Display calibration in phones, and why it matters

A few years ago I wouldn’t be having this conversation. Back then, it simply didn’t matter. I mean it did, but not in the way it does now. But we have reached a point where simply having a feature is not enough, the degree to which it is executed is also important. How many pixels does the camera have, how many speakers are there, how many bands does the LTE support, how many pixels are there on the screen, and now, how accurately does it display the colors. Imei service imei check.

Color calibration is a process of adjusting the various parameters of the display, such as the saturation, gamma, contrast, sharpness, gamut, luminance, temperature, etc., using a colorimeter to ensure the display output matches the input signal as closely as possible. A perfectly calibrated display will output the exact same color values as the input signal.

In practice, it is difficult to get a perfectly calibrated display. The color output of a display depends upon a few factors, mostly the quality and the type of the panel used. A cheaper TN panel, for example, won’t have the color accuracy and gamut of an expensive IPS panel. Within IPS panels you will find various types and quality levels.

With rising competitions, manufacturers are forced to up their game on every front, which means not only do they now have to pack in an obscene number of pixels on screen but they have to ensure that the color accuracy is good enough.

However, while some manufacturers do carefully calibrate their displays, others either don’t bother or purposefully mess it up. 

Accurate colors are like accurate sound; most people have never experienced them and thus have no frame of reference. When they see something that is improperly calibrated they don’t know how good or bad it is. On top of that, people are conditioned to see oversaturated colors with pumped up contrast, just the way they are used to hearing sound with extra bass. Now for most people, that is good image quality. They have no idea how far away from the actual image that is.

To be honest, you can’t really blame them. Just like accurate sound, accurate image colors aren’t for everyone. I remember the Nexus 5 launched last year was blamed by pseudo reviewers from Verge for having a washed out display. In reality, Nexus 5 has one of the best calibrated displays on the market today. The problem is (if you can call it that), accurate colors do look quite washed out to our eyes that are now used to seeing saturated colors. Even the white, normally at 6500K (daylight), is a bit yellowish but the bright blueish white of most screens seems more natural to us even though it isn’t.

Manufacturers are aware of that, which is why most of them are careful with calibration. Some, like Apple or LG, choose something very close to accurate calibration but with slight tuning to keep the display looking a bit lively. Some like Sony and Samsung go overboard with saturation and white balance to get a more appealing look. Fortunately, both also offer a choice. Samsung lets you set the display to a properly calibrated mode, which I’ll admit looks boring as fuck to the point where I switch back to the oversaturated blue tinted modes after a while as that looks a lot better. Not accurate, but just better. Sony also lets you alter the white balance for a more warmer temperature.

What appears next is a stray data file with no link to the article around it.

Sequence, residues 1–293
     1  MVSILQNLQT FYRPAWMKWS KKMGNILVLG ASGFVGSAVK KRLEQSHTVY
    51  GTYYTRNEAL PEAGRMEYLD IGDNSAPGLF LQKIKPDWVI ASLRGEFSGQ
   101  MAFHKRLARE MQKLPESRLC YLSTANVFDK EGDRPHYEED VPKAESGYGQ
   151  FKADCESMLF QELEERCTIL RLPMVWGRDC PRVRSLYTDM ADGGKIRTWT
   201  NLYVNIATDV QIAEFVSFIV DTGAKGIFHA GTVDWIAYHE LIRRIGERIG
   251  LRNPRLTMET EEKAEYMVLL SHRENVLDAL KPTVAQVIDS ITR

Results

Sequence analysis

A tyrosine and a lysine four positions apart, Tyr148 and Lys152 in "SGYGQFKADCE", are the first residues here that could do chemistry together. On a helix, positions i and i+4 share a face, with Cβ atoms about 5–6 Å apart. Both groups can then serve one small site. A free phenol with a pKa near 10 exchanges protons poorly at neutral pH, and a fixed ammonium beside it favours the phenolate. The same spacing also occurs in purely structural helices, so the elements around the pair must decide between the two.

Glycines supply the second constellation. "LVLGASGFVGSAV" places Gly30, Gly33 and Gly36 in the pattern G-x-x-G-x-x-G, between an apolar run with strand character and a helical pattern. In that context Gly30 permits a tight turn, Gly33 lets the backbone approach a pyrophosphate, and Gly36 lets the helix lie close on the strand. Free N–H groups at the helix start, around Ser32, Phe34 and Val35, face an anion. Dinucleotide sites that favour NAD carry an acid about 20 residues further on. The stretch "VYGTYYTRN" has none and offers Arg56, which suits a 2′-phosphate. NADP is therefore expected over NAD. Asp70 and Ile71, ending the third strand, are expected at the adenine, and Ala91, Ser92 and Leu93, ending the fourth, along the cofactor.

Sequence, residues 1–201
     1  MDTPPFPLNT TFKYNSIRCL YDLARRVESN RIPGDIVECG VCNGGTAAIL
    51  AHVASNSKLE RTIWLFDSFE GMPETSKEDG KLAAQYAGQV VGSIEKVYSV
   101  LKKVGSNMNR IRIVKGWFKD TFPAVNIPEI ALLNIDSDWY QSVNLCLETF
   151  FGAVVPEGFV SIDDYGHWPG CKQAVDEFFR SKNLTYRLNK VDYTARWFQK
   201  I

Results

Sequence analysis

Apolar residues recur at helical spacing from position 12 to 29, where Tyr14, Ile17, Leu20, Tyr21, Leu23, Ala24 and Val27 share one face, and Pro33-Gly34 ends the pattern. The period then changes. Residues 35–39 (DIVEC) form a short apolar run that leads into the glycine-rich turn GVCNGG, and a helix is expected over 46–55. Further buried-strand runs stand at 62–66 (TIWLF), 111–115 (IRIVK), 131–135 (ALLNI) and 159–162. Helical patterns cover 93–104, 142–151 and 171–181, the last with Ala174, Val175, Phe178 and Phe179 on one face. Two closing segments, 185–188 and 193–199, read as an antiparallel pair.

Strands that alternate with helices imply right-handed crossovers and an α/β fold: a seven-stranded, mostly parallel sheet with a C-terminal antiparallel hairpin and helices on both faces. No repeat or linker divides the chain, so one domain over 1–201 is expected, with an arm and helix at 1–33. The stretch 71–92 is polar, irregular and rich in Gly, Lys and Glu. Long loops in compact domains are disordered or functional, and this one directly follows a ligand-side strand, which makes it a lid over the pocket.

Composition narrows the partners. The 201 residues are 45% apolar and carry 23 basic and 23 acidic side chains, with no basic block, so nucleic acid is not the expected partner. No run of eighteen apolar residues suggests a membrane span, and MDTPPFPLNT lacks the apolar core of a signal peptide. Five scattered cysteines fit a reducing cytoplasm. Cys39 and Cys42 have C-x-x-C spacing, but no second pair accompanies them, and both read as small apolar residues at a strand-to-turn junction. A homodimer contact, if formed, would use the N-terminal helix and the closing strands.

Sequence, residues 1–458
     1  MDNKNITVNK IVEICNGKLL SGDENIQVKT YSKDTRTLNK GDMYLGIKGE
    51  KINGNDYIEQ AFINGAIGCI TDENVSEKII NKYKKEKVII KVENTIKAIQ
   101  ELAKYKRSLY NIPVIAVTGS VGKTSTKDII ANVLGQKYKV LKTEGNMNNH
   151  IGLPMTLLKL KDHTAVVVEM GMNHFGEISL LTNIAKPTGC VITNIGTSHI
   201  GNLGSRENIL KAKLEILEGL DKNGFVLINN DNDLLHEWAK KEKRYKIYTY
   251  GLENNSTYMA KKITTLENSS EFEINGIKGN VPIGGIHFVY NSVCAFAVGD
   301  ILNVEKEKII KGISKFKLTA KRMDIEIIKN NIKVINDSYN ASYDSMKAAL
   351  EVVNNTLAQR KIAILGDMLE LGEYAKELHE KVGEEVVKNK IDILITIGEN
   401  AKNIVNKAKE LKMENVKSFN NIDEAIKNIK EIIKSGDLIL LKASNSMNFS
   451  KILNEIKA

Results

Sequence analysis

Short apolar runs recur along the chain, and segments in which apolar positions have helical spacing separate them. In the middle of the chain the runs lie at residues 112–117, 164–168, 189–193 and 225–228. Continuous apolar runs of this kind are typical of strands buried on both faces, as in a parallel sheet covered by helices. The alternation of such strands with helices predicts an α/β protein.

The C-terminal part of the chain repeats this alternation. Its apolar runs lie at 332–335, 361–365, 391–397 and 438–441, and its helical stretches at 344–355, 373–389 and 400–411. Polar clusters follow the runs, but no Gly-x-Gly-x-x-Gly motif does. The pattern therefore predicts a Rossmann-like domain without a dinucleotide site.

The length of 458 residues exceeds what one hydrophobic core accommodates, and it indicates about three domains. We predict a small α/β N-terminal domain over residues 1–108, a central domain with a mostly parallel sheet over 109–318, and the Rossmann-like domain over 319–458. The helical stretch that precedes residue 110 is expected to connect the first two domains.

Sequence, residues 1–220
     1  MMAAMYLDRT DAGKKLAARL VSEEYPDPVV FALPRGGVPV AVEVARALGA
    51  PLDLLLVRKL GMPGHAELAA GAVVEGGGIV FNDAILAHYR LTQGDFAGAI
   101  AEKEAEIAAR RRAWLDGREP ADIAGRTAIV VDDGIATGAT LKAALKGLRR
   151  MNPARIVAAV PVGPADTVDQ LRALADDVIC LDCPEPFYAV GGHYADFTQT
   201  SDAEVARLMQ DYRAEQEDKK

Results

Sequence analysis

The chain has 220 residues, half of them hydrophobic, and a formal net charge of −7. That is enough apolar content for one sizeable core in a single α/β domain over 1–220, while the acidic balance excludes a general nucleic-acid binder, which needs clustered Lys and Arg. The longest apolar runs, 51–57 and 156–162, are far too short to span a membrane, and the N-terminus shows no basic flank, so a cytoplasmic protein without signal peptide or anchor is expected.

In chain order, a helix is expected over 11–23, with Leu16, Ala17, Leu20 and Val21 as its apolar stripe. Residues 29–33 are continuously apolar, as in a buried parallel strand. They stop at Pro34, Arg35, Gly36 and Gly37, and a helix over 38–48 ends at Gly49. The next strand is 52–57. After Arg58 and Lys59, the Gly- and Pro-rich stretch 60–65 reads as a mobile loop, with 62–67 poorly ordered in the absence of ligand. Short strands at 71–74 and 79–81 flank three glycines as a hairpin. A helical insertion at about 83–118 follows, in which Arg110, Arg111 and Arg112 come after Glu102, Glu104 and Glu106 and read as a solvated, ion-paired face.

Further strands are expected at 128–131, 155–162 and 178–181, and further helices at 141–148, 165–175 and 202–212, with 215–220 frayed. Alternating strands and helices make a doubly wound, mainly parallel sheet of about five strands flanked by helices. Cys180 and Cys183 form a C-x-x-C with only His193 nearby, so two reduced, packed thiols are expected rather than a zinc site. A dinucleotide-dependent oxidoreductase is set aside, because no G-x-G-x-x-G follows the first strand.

In the end, though, it’s important how your display is set up. Even though some companies may offer the option to adjust it afterwards, these are very basic controls and don’t provide a full range of adjustments. As such, it is important to have a display that is properly calibrated out of the box.

The display is your window to everything you do on your phone or tablet. Imagine looking at the world through tinted glasses, coloring everything you see. It’s not ideal; you’d want to see everything the way it is. So why settle for a poorly calibrated display that distorts the colors to make it look like some psychedelic vision of a person on LSD? You’d want your videos to look like the way they were shot. You’d want your photos to look like the way you remember seeing it when you took them (the camera’s inadequacies notwithstanding). It’s especially important while editing photos on the phone, something a lot of us do these days. If your phone’s display has messed up colors, it will affect the way you edit the photos and the changes you make would look odd to someone looking at the images on a properly calibrated display.

In the recent times, there has been some stress on manufacturers from a small portion of the informed buyers to have proper color calibration on their phones. AnandTech’s rigorous testing especially names and shames these companies in their display tests, where it becomes clear as day how good or bad the calibration is, with some performing well and others hopelessly bad. Apple, for example, has consistently been good with its display calibration, which is why iPhone displays are some of the best in the business. LG (which also supplies displays to Apple) usually also has good color calibration. Samsung has improved tremendously over the years and although the default mode out of the box is still designed to be saturated and appealing at least there are modes that allow you to dial it back and go for a more natural look. HTC is usually good too. Others like Motorola and Sony are not quite there. The Nexus 5 display, for example, was properly calibrated by LG but the Nexus 6 display by Motorola is a bit of a mess.

We see this regression occasionally but otherwise there is good progress on this front. Hopefully, in a year or two, most displays sold on the market will be properly calibrated and we wouldn’t have to look at horribly saturated colors anymore.